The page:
4 seek at-large seats in Niles
NILES — Four people, including two incumbents and the city’s former safety service director, are seeking three at-large seats on city council Nov. 7.
Incumbent Democratic Councilmen Ryan McNaughton and Michael Lastic are after re-election, while Democrat Barry Profato and nonparty candidate and former Safety Service Director James DePasquale Jr. also are on the ballot.
DePasquale, 63, who retired from the city of Niles engineering and parks department in 2003 and later served as safety service director — a position from which he was terminated by Mayor Thomas Scarnecchia — said his priorities are securing grants, improving the downtown area and improving relationships among city employees, unions and residents.
This is DePasquale’s first time seeking elected office, but while working for the city for more than three decades, he said he completed more $20 million in federal, state and city funded construction projects. Infrastructure needs to be a priority, he said.
“I have an excellent knowledge of the infrastructure of the city,” he said.
DePasquale said he was terminated from the management position over disagreements with Scarnecchia. But DePasquale said he doesn’t hold a grudge and as a councilman, he would work to forge relationships with everyone.
“In order to make Niles great again, you have to work together,” he said.
Lastic, 74, who is retired from Niles City Schools and who has served on city council since 1999, first as 2nd Ward councilman and then at-large, said his priorities are working to keep the city financially solvent, improving storm and sewage systems, and attracting business and industry to the city.
Lastic said although Niles will likely get out of fiscal emergency within a year-and-a-half, now is not the time to stray from the financial course that’s been put in place with the help of the state. Lastic said Auditor Giovanne Merlo is doing a great job and city council has provided oversight that’s needed.
“The key is to stay on course and not divert,” he said. “I will not support anything that’s going to jeopardize us leaving the train track and getting off course. I want to get off this fiscal plan the state set up, but even once we’re there, stay on track and question everything.”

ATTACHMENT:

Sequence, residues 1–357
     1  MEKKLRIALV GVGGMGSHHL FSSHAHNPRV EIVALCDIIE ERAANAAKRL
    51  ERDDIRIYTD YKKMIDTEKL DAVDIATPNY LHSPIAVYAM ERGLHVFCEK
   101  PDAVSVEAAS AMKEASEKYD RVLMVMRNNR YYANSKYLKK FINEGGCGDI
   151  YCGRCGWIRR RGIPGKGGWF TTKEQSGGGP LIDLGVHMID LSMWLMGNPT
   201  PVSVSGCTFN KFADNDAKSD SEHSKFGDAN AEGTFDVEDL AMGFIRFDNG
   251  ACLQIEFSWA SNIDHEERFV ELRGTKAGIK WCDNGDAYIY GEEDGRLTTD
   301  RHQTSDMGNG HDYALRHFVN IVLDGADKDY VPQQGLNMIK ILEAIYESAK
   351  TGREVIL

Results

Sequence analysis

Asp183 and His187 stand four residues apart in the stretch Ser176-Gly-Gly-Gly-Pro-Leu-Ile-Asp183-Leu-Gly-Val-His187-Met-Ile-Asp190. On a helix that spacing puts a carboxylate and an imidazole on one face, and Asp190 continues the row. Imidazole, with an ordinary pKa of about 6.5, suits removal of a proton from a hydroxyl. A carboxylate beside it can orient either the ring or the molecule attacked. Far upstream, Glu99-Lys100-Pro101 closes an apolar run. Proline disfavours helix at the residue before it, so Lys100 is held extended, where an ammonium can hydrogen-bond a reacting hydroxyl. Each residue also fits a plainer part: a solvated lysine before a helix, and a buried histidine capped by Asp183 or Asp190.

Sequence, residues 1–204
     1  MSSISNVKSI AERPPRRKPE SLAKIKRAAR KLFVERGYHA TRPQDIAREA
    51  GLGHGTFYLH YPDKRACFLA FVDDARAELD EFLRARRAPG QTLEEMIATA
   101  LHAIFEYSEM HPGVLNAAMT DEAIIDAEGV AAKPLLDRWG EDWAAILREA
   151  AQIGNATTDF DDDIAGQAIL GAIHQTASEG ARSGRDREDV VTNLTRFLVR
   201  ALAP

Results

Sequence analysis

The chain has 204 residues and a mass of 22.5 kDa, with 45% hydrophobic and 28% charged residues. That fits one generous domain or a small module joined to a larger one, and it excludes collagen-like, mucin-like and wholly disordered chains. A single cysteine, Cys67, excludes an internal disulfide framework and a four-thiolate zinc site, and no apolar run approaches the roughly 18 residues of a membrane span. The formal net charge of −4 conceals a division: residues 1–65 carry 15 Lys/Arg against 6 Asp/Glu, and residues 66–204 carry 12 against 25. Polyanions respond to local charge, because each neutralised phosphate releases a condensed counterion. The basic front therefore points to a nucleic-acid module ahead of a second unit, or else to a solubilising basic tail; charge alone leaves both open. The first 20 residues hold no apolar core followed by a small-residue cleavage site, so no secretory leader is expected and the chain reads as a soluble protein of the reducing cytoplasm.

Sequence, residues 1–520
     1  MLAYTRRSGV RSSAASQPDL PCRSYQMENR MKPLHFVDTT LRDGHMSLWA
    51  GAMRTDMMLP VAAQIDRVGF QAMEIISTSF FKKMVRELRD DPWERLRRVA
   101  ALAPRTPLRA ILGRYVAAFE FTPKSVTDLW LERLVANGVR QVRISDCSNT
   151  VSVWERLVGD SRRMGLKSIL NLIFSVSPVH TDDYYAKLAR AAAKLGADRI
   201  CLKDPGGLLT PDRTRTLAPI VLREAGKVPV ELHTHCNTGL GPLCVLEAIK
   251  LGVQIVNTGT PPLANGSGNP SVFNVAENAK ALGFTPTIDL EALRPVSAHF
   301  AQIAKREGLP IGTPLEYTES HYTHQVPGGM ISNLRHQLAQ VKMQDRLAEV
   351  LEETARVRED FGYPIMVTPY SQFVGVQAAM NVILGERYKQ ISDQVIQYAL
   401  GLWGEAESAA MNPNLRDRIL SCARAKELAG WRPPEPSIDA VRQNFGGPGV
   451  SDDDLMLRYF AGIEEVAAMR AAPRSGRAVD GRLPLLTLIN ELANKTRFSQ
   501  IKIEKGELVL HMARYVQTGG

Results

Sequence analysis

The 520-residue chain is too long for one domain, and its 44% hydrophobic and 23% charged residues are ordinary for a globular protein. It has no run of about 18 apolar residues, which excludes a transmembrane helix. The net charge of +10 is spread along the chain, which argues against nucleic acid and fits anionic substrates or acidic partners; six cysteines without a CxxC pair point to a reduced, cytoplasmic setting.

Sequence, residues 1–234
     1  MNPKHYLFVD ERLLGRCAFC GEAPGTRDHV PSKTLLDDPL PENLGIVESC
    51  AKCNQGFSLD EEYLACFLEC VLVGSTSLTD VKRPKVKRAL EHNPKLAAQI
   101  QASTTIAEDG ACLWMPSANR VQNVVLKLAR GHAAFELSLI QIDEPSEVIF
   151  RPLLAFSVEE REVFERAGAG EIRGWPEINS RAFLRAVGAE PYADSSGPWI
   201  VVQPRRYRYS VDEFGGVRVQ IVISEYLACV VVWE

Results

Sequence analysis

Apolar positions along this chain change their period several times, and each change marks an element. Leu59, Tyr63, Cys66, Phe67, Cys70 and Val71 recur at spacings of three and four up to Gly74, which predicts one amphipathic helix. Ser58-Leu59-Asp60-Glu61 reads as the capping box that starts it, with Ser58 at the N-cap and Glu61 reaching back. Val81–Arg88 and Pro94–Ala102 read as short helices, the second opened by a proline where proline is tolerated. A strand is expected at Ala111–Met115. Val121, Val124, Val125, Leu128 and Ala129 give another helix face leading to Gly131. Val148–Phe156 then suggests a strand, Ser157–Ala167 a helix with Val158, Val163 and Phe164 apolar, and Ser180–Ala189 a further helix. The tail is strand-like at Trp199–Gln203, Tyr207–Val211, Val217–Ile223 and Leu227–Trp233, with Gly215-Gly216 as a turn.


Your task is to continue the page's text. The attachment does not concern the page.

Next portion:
Lastic said Niles needs to continue working to attract and retain business, and it needs to reach out more to people like U.S. Rep. Timothy J. Ryan, D-Howland, and Trumbull County commissioners for help with economic development.
“We have the greatest resources, we just don’t take advantage of it,” he said.
McNaughton, 43, associate director of advancement for Kent State University, said his top priorities are continuation of Niles’ fiscal recovery, ensuring safety departments are properly staffed and equipped and addressing aging infrastructure.
McNaughton said Niles financial situation didn’t happen overnight and there isn’t a quick fix solution. However, he said barring any unforeseen surprises, it appears Niles is moving forward financially and as a councilman he’d like to continue overseeing that process.
“I’d like to think we are turning the corner,” said McNaughton, first elected in 2015. “The state likes what we are doing, funds are all positive, contracts are all signed with safety forces and we pushed the administration for a rainy day fund just to spend better, and really that was our charge as council — spend better.”
McNaughton said the city has been able to implement a street program, replace police cars and set money aside to buy fire trucks without layoffs. He said there is still a huge need for infrastructure improvement, something city council and the administration should focus on while continuing to be fiscally cautious.
“There are only a couple things local governments should really have their hand in, safety and infrastructure,” he said. “Those are the main tenets of local government.”
Profato, 71, who is retired, but formerly worked in sales, at Niles Municipal Court and as a National Football League drug tester, said his top priorities are getting Niles out of fiscal emergency, working as a team to achieve financial stability and putting together an economic development program.
Profato, who previously served two terms as an at-large councilman, one term as a ward councilman and has lost three bids for mayor, said with council President Robert Marino and at-large Councilman Steve Papalas, D-at large, stepping down, the city needs someone with the ability to assume a leadership position.
“The only senior legislator is Mr. Lastic and the rest are all one-termers,” he said. “The precarious situation we are in now is probably the most inexperienced administration and legislators we’ve ever had in Niles. They are all trying to bring stability, and I give them credit, but experience is needed now more than ever.”
Profato said legislators need to continue scrutinizing all legislation coming across the table, provide three readings in order to dissect new ordinances and push for more economic development.
“Development is out there and we need to go after it,” he said. “This is a time we either make it or we don’t.”